1068. Cypselus melba.
The Alpine Swift.
Hirundo melba, Linn. Syst. Nat. i, p. 345 (1766). Hirundo alpina, Scop. Ann. i, p. 166 (1769). Cypselus melba, Illiger, Prodr. p. 230; Blyth, Cat. p. 85; Layard. A. M. N. H. (2) xii, p. 167; Adams, P. Z. S. 1859, p. 175; Jerdon, B. I. i, p. 175; id. Ibis, 1871, p. 354 ; Stoliczka, J. A. S. B. xxxvii, pt. 2, p. 18; McMaster, J. A. S. B. xi, pt. 2, p. 208; Butler, S. F. iii, p. 453; v, p. 218 ; ix, p. 379 ; Blanford, S. F. v, p. 245; Davidson & Wenden, S. F. vii, p. 77; Ball, ibid. p. 202; Hume, Cat. no. 98; Legge, Birds Ceyl. p. 317; Vidal, S. F. ix, p. 43; Davidson, S. F. x, p. 293; id. Jour. Bom. N. H. Soc. i, p. 177; Littledale, ibid. pp. 31,196; Davison, S. F. x, p. 347 ; Barnes, Birds Bom. p. 85 ; id. Journ. Bom. N. II. Soc. iii, p. 47; iv, p. 4 ; St. John, Ibis, 1889, p. 155 ; Oates in Hume's N. & E. 2nd ed. iii. p. 20. Cypselus alpinus, Jerdon, Mad. Jour. L. S. xi, p. 235 (1840). Micropus melba, Boie, Isis, 1844, p. 165; Hartert, Cat. B. M. xvi, p. 438.
Coloration. Upper parts, sides of head and neck, a broad band across the upper breast, and the lower tail-coverts brown, varying slightly in depth of tint, nearly uniform in old birds, the feathers darker near the end, and with whitish edges in young individuals ; chin, throat, lower breast, and abdomen white, feathers sometimes black-shafted; under wing-coverts always with whitish edges, especially near the bend of the wing.
Bill black ; iris dark brown ; legs and feet blackish purple.
Length about 8.5; tail 3; wing 8.5, tarsus 0.6. The tail is deeply forked, the outer feathers being about .75 inch longer than the middle pair.
Distribution. Europe as far north as the Alps, Northern Africa, South-western Asia, India, and Ceylon. This bird is resident, and breeds in the Himalayas, on rocky precipices amongst the Western Ghats, and doubtless in other hilly parts of the Peninsula. The nests and eggs have been taken by Miss Cockburn on the Nilgiris near Kotagiri, and nests have been seen by Mr. Davidson near Nasik, and by Mr. Littledale in Kashmir; whilst the hills of Ceylon (Legge), the cliffs of Gersoppa (Jerdon), Satara (Davidson), and Gawilgurh in Berar (McMaster) have been shown to be probable breeding-places. The Alpine Swift may be seen at times throughout the peninsula, and it has been recorded from Darjiling and Assam, but not farther east.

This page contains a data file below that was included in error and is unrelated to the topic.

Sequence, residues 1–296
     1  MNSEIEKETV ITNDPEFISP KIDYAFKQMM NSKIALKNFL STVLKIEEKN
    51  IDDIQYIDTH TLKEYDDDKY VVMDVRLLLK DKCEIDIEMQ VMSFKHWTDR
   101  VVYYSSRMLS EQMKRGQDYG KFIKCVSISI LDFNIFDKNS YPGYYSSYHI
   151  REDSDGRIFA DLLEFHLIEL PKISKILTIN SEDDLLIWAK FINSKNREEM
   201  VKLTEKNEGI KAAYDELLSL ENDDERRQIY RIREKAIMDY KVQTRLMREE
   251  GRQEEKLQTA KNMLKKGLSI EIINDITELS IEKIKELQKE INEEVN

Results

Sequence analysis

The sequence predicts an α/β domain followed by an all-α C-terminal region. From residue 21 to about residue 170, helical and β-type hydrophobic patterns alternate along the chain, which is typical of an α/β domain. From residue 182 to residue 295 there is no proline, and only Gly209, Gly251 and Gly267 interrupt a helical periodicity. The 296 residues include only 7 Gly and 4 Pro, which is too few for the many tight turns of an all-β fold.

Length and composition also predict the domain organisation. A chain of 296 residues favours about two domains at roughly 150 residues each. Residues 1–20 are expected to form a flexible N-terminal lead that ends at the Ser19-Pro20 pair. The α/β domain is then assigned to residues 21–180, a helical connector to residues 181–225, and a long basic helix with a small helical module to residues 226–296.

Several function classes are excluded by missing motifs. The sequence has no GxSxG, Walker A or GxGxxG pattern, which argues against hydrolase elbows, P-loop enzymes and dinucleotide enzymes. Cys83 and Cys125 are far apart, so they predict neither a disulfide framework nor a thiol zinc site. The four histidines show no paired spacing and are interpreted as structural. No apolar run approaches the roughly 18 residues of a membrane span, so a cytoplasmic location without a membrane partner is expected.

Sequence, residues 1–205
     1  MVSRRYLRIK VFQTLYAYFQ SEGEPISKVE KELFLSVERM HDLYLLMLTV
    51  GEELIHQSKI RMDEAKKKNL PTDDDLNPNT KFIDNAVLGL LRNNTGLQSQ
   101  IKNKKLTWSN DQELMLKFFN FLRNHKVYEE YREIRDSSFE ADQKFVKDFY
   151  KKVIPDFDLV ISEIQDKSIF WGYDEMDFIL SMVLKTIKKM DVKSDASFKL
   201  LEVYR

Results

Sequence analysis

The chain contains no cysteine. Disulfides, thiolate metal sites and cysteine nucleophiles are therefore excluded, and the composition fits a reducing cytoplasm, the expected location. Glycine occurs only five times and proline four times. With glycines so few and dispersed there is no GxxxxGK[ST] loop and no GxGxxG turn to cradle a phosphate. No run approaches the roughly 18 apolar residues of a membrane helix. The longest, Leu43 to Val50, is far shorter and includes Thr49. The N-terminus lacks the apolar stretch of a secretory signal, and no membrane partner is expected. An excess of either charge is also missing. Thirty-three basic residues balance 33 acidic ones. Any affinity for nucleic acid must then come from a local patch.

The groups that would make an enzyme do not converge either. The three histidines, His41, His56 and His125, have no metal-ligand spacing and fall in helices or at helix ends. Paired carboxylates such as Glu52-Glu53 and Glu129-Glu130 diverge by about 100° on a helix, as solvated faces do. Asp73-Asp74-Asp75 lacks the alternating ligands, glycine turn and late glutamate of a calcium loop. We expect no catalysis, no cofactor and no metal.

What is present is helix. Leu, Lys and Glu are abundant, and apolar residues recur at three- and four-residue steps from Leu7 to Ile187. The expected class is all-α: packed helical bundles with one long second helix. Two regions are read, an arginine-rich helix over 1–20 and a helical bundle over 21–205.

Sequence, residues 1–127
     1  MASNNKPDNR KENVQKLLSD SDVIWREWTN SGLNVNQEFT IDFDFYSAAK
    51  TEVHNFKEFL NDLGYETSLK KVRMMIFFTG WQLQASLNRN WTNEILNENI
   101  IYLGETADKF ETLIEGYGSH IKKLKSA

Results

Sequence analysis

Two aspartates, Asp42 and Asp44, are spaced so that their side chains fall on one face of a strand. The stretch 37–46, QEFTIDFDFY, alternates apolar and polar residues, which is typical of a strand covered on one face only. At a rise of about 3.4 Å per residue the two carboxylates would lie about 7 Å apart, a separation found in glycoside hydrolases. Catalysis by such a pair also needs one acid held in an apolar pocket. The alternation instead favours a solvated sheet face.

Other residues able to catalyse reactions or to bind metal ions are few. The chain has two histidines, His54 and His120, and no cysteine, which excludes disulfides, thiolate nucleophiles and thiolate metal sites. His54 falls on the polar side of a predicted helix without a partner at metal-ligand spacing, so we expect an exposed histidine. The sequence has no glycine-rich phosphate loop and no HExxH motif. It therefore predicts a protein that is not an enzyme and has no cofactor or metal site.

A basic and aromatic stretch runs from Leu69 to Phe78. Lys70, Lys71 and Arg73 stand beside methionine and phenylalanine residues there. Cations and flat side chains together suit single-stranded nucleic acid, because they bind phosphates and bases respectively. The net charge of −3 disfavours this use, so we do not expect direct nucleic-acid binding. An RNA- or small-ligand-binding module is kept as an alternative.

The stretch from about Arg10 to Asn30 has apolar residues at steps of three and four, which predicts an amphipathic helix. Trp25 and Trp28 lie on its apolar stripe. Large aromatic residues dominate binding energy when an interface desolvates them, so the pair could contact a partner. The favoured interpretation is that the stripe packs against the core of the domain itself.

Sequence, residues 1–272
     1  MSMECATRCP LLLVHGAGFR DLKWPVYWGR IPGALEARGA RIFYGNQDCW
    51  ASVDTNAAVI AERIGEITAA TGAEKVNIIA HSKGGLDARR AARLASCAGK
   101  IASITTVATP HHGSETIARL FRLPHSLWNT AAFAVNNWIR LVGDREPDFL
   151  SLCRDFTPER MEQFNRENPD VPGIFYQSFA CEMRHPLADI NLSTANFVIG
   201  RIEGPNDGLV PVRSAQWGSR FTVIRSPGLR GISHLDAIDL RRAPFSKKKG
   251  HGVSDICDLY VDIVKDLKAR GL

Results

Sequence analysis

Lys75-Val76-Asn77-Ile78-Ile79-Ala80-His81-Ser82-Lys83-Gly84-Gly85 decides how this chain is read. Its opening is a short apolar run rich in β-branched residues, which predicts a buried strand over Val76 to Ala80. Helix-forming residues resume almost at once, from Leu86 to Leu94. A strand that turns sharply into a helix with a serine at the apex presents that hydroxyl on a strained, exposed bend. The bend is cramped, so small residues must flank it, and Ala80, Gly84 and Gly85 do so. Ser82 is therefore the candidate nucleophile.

Habits, &c. This fine Swift is probably, with the exception of the larger species of Chaetura, the swiftest and most powerful flyer amongst birds. It roosts and breeds in companies on rocky cliffs, but flies enormous distances each day, generally in scattered flocks, and may be found hawking insects in the air hundreds of miles from its roosting-place. It has a shrill cry, often uttered during flight. The nests have walls about an inch thick made of feathers, dry grass, &c, firmly cemented together by the saliva of the birds ; they are 4 or 5 inches in diameter, not lined. Several nests are often clustered together. The eggs are laid in Europe about May and June; they are white, elongate, 3 or 4 in number, and measure about 1.2 by .75.
* The name Micropus, Meyer and Wolf, 1810, which has one year's priority over Cypselus has been substituted for the latter by some writers, and especially by Mr. Hartert in the British, Museum Catalogue, vol. xvi. But the existence of a Linnaean genus Micropus in Botany affords a fair reason for adhering to the well-known name of Cypselus for typical Swifts. The generic name Micropus (1837) used by Sharpe and Oates (ante, Vol. I. p. 294) for a genus of Bulbuls, is of later date than Meyer and Wolf's genus, and must be changed to Microtarsus, Eyton (1839).